Risk of antibiotic overuse in aged care settings

July 21, 2014
Risk of antibiotic overuse in aged care settings

Antibiotics are being overused in residential aged care facilities (RACFs), and more integrated efforts to improve antibiotic prescribing practices need to be introduced, researchers say. 

The study, published in the Medical Journal of Australia, by Monash University researchers found important workflow and culture-related issues that could contribute to in these facilities. Therefore, special attention and guidelines beyond those used in acute-care settings are warranted. 

Dr David Kong, Centre for Medicine Use and Safety, said that the widespread and inappropriate antibiotic use in RACFs had been reported, and was especially concerning given emerging evidence of in these settings. 

"Older people are particularly susceptible to the adverse consequences of antibiotic use, and it is important we look at ways to optimise the use of antibiotics," Dr Kong said.

The study found a number of workflow-related issues in antibiotic prescribing in RACFs, such as a lack of onsite medical doctors and pharmacy supports, nurse-led antibiotic prescribing, and no institutional policy for antibiotic use. 

"We found that antibiotics were commonly prescribed over the phone, which wasn't always followed up with an on-site review, and most visiting GPs tended to prescribe antibiotics early rather than 'waiting and observing'," Dr Kong said. 

"We also found there were mixed opinions on nurse-driven infection management, ranging from GPs with confidence in the nursing assessment to perceiving pressure from nurses to prescribe antibiotics. Nurses themselves reporting lack of knowledge on antibiotic prescribing and quite a number of nurses felt their responsibility in infection management overwhelming.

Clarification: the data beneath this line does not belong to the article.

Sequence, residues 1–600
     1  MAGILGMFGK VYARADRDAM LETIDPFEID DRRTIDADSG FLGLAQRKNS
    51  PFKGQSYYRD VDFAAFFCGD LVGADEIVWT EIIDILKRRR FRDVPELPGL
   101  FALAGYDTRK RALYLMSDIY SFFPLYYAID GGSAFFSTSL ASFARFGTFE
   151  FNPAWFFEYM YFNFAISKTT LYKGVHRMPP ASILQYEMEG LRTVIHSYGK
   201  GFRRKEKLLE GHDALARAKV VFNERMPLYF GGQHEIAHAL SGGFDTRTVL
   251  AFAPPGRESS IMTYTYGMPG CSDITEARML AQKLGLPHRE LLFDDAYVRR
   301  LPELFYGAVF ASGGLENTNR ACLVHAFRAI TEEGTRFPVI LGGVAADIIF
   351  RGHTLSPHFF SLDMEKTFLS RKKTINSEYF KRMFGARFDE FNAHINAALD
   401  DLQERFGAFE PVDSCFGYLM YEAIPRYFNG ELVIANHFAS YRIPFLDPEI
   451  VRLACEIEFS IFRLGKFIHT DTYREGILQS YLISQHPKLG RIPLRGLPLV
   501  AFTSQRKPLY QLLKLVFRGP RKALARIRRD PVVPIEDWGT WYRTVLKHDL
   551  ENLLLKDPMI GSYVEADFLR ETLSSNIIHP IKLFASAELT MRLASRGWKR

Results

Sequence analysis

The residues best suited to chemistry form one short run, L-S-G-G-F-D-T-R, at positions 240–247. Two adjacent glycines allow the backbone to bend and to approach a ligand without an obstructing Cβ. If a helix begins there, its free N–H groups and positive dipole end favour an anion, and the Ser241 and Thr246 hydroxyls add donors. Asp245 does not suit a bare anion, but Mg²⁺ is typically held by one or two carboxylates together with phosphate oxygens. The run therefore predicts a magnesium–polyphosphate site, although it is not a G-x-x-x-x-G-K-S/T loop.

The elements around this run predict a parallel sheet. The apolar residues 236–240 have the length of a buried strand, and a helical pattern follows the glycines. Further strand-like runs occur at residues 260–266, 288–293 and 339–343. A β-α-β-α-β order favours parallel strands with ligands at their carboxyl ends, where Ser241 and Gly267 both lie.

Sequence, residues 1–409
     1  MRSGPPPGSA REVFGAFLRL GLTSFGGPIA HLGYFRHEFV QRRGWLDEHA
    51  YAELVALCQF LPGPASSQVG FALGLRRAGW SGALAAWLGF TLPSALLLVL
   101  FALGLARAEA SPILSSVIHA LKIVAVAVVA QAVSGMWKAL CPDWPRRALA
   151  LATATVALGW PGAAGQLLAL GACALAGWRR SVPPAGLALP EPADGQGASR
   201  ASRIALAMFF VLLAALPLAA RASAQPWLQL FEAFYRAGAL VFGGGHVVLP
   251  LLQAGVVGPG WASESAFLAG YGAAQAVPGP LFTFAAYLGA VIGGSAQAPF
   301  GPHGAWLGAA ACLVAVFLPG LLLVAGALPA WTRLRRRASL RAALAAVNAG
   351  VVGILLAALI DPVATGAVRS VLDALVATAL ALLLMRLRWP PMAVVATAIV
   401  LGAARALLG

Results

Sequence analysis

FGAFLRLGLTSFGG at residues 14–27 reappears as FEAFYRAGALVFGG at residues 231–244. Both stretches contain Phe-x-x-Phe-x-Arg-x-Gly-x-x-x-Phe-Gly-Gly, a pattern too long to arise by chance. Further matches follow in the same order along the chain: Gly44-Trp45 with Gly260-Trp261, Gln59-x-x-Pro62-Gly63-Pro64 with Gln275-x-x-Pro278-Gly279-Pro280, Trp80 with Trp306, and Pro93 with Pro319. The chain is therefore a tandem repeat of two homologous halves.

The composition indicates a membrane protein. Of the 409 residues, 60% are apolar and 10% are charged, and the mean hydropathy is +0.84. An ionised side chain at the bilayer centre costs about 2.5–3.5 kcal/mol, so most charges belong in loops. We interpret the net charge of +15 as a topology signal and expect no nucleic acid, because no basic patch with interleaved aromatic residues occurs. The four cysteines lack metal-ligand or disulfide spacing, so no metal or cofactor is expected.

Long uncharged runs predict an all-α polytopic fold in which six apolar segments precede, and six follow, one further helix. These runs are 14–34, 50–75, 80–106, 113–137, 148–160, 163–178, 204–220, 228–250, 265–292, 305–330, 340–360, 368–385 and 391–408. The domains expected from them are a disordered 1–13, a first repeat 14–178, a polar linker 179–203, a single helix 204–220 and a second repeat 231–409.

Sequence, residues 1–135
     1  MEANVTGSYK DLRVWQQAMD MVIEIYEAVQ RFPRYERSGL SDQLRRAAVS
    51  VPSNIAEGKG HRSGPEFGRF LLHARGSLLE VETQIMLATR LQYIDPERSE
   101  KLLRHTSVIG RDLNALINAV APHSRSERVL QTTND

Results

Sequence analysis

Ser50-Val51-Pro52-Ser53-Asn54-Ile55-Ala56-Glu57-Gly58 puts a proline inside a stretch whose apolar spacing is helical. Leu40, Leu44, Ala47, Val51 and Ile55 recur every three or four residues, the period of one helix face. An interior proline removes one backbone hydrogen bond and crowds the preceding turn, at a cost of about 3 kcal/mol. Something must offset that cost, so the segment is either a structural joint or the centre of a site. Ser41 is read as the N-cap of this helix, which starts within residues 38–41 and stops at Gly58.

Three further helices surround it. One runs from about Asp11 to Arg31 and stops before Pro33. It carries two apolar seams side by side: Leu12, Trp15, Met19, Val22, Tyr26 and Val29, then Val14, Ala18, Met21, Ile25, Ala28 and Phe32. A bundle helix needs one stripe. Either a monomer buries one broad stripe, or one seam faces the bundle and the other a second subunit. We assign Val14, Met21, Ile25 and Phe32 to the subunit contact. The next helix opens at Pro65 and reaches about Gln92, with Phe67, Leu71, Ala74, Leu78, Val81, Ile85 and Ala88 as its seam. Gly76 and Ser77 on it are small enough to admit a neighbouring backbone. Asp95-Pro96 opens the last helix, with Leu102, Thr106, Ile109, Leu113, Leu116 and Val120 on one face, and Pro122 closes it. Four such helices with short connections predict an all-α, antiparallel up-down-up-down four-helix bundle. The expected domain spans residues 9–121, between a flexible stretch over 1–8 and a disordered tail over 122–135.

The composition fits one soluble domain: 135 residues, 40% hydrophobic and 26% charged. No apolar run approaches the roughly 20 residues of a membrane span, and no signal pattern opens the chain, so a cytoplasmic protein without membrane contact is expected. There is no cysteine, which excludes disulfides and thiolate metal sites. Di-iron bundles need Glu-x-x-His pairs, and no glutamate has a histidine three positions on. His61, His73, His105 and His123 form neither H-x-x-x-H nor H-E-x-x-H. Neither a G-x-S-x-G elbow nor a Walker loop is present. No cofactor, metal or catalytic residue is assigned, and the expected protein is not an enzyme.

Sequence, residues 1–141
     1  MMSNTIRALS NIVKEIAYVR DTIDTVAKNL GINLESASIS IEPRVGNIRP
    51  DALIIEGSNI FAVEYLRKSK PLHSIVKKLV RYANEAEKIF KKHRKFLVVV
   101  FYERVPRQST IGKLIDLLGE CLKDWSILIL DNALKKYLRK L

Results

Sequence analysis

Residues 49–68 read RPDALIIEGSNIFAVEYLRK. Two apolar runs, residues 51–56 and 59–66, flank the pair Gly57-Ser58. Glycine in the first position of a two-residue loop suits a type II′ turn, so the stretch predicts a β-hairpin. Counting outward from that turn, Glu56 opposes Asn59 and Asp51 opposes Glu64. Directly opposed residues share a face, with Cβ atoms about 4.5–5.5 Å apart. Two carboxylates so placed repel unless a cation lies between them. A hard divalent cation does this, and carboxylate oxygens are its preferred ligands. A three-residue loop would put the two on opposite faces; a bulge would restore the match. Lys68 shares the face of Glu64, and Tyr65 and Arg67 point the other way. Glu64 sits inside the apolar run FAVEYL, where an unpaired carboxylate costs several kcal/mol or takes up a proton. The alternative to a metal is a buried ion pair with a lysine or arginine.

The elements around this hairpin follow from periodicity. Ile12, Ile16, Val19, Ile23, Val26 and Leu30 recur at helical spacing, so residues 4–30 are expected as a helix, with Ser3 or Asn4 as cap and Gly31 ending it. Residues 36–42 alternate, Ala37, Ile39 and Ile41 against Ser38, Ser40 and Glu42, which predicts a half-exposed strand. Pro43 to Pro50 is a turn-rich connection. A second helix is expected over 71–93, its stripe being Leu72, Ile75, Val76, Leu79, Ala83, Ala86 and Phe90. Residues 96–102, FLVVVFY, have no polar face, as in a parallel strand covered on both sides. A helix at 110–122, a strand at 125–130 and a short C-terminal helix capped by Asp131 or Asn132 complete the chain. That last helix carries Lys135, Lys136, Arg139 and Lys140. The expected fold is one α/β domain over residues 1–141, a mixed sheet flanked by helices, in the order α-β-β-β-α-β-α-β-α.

"Decisions for are often difficult considering the frailty of elderly patients and many of those with behavioural problems or cognitive deficits. Further, there were often unrealistic expectations from family members to prescribe for minor symptoms or to avert hospitalisation." 

Dr Kong said the findings reflected the need for initiatives to optimise antibiotic use in residential aged , and the next phase was to look at how to collectively improve antibiotic use. 

"This could include further education and training, and introduction of evidence-based guidelines specific to the RACF setting."

Explore further: Antibiotics continue to be prescribed at high rate for bronchitis, contrary to guidelines

More information: "Antibiotic prescribing practice in residential aged care facilities—health care providers' perspectives." Ching Jou Lim, Megan W-L Kwong, Rhonda L Stuart, Kirsty L Buising, N Deborah Friedman, Noleen J Bennett, Allen C Cheng, Anton Peleg, Caroline Marshall and David C M Kong, Med J Aust 2014; 201 (2): 101-105. DOI: 10.5694/mja13.00102

Related Stories

Antibiotics continue to be prescribed at high rate for bronchitis, contrary to guidelines

May 20, 2014
Despite clear evidence of ineffectiveness, guidelines and more than 15 years of educational efforts stating that the antibiotic prescribing rate for acute bronchitis should be zero, the rate was about 70 percent from 1996-2010 ...

High doses of antibiotics may have the potential to promote increased cross-resistance

June 24, 2014